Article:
NHS in Crisis: National View - Flu exposes chronic staff shortages

THE PRESSURE exerted on the NHS by the flu outbreak is being caused by problems dating back years, health managers said yesterday.

The real crisis is a staff shortage, caused by an erosion in pay and compounded by fewer beds. Sydney and Peking flu have only served to bring the crisis to the public's attention.

Britain is far from a flu epidemic. Stephen Thornton, chief executive of the NHS Confederation, representing health authorities and trusts, said they faced the problem of flu most years. The unique factor now was the staff shortage.

There is an estimated 8,000 shortfall of nurses, and a lack of paramedics, physiotherapists and speech therapists. "I can't remember a time in the last few years when it has been so difficult right across the country. That is the special ingredient," he said. "The Government has given us extra money, but in some parts of the country we can't spend it. We just can't recruit the staff."

Kingston Hospital, in Kingston upon Thames, is one of many to have looked abroad. The first of nearly 50 nurses from the Philippines started work there this week.

Britain is not producing enough nurses: last year the number of trainee places exceeded applicants. And there is a difficulty dating from the early Nineties, when the number of training places was halved in a recession.

A spokesman for New Cross Hospital, Wolverhampton, said: "Staff have been working double shifts, 16 hours at a time, throughout the Christmas and New Year period."

Many nurses have left the profession because they can earn more elsewhere. "Nurses tell us that fair pay is the number-one factor which would encourage them to stay in nursing," said Christine Hancock, general secretary of the Royal College of Nursing.

Bed occupancy rates are another factor in the crisis. Mr Thornton said: "Hospitals have been working increasingly to full capacity all year round. There is nothing more inefficient than an empty bed, and occupancy rates are running at 90 per cent plus. But then you don't need very much of an increase in demand to create real problems."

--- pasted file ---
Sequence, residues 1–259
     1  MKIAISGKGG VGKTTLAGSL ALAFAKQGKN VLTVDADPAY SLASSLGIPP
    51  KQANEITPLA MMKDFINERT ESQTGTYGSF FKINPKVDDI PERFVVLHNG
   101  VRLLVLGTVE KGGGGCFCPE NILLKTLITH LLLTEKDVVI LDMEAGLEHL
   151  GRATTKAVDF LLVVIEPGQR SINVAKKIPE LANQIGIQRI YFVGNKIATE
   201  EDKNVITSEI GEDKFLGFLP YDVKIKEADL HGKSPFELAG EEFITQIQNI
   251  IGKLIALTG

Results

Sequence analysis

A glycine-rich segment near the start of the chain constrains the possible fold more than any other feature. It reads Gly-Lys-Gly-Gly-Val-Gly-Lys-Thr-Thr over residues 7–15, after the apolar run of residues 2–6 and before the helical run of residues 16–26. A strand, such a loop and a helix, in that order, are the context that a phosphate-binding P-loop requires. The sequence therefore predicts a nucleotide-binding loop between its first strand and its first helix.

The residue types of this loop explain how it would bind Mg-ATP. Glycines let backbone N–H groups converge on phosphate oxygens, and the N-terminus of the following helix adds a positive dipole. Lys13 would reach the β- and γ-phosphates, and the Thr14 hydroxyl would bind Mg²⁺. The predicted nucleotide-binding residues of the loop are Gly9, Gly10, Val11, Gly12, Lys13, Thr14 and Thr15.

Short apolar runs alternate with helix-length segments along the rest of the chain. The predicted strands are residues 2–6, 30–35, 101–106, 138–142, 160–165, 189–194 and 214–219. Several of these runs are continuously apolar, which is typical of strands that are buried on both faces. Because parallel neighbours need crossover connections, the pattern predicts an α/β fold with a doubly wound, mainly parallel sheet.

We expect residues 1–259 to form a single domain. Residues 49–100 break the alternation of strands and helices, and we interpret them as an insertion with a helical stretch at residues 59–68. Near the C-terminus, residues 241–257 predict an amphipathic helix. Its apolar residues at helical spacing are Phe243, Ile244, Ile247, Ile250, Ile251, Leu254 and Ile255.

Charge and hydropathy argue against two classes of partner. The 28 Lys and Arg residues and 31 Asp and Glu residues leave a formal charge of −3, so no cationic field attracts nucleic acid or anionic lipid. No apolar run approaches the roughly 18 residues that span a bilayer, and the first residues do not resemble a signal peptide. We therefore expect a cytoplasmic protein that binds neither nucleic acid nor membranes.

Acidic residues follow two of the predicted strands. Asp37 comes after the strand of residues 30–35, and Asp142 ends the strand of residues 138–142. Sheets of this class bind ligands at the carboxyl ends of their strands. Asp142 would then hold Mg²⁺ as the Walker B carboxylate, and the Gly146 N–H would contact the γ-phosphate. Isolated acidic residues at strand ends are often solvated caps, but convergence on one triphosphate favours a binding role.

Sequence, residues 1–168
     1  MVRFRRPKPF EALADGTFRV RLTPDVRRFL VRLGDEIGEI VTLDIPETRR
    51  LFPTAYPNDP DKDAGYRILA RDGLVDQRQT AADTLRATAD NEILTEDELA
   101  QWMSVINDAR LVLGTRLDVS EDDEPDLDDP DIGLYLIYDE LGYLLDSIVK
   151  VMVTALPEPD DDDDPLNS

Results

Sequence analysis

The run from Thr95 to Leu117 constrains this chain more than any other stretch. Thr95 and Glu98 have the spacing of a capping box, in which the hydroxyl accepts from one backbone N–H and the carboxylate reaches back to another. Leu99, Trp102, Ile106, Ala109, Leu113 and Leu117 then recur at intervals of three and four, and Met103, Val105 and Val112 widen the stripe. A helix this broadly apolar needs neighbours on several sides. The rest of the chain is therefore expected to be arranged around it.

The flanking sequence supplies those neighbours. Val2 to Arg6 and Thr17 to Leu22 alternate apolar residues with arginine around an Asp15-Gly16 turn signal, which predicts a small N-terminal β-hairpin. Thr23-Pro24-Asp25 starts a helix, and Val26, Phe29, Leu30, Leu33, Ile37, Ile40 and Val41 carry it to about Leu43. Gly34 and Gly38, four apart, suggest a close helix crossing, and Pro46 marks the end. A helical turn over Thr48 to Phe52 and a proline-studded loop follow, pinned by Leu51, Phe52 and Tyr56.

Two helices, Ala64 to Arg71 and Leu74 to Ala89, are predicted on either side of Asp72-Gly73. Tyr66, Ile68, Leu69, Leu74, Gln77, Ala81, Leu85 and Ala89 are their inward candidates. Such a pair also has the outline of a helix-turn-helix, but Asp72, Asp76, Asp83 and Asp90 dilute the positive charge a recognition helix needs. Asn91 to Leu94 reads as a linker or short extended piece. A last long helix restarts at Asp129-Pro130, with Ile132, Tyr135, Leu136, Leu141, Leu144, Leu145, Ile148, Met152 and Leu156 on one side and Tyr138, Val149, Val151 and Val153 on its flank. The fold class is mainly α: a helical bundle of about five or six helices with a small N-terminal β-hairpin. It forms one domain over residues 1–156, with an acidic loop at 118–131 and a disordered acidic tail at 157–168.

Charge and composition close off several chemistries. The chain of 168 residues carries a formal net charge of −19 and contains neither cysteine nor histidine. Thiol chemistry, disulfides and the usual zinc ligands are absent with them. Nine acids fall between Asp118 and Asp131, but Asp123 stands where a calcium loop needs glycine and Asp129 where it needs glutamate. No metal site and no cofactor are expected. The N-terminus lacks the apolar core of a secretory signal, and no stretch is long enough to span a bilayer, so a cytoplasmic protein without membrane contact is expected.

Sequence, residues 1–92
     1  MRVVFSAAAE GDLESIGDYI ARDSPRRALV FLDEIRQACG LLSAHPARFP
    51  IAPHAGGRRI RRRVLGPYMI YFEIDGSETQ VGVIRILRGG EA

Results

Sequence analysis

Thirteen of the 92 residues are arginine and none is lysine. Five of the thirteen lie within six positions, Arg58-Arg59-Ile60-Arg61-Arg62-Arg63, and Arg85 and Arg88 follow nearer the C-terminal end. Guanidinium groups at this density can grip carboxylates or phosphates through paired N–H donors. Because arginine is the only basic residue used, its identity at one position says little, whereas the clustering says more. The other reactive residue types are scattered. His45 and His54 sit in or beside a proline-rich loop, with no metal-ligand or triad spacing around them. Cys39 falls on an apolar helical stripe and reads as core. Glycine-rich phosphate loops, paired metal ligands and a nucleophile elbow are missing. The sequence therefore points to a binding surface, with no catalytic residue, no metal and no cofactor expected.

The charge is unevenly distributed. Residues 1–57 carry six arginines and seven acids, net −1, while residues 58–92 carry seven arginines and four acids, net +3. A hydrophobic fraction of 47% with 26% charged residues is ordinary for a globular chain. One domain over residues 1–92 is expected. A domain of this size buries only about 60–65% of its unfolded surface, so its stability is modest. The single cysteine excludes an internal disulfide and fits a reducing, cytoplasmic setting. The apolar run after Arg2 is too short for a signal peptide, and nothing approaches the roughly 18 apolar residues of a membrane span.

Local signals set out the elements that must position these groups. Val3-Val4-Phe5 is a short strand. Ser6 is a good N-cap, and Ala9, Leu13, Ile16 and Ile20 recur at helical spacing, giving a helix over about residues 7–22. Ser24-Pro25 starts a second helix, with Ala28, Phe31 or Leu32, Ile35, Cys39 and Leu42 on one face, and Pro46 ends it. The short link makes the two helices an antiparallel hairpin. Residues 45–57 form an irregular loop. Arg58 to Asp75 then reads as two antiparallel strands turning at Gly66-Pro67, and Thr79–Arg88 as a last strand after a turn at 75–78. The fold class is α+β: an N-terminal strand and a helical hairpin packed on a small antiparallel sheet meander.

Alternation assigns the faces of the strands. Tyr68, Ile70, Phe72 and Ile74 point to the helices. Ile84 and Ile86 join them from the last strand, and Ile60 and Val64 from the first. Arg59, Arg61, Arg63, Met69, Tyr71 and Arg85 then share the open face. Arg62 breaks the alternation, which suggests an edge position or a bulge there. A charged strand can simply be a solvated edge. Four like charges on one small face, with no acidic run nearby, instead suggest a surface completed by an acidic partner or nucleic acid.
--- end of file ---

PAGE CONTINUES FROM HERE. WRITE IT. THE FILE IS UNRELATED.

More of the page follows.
Philip Monk, a public health consultant in Leicestershire health authority, said there was a "very high level of consultation on influenza-like illnesses". Some really were flu, others were respiratory syncitial virus, which, may make asthma worse and raise temperatures.

A third factor was the peaking of the regular four-yearly cycle in the incidence of mycoplasma, a bug that causes chest infections. "A lot of people are very acutely ill," he said. "There are a phenomenal number of people calling for the GP, which means GPs are taking longer to get to them and people are going down to hospital, which isn't helping the situation. People are trying to find a short cut ... when there are no short cuts to be had."

Douglas Fleming, of the infectious diseases monitoring unit at the Royal College of General Practitioners, said most calls were unnecessary, and accused the many "worried well" of selfishness.

Hugh Lamont, spokesman for the North West Region Ambulance Services, covering Manchester and Liverpool, said: "The system was overrun. The next stage for people was to dial 999 and call an ambulance. The hospitals were acting as clearing houses for primary care and also dealing with the more serious cases." At Walsall Manor Hospital, in the West Midlands, 278 emergency admissions were treated over four days last week, an increase of 100 on the same week in the previous year.

All non-urgent operations in the Sandwell Health Authority area of the Black Country have been cancelled because of the outbreak. It has spread across the West Midlands: at a Wolverhampton hospital, 100 people waiting for treatment were put on stand-by as doctors struggled to cope with demand from flu sufferers. In south Wales, hospitals were under growing pressure. The only part of Britain to have escaped is the South-west. Scotland has been relatively mildly affected.

n A pounds 1m national advertising campaign was launched yesterday to recruit blood donors. The hard-hitting adverts are in response to recent statistics, which showed that less than 6 per cent of the eligible population gives blood.

News
Emma Watson has become the latest target of the 4Chan nude hacking scandal
peopleThreats follows actress' speech on feminism and equality at the UN
Arts and Entertainment
British actor Idris Elba is also a DJ and rapper who played Ibiza last summer
film
Arts and Entertainment
Geena Davis, founder and chair of the Geena Davis Institute on Gender in Media
tv
News
Alan Bennett criticised the lack of fairness in British society encapsulated by the private school system
peopleBut he does like Stewart Lee
PROMOTED VIDEO
Have you tried new the Independent Digital Edition apps?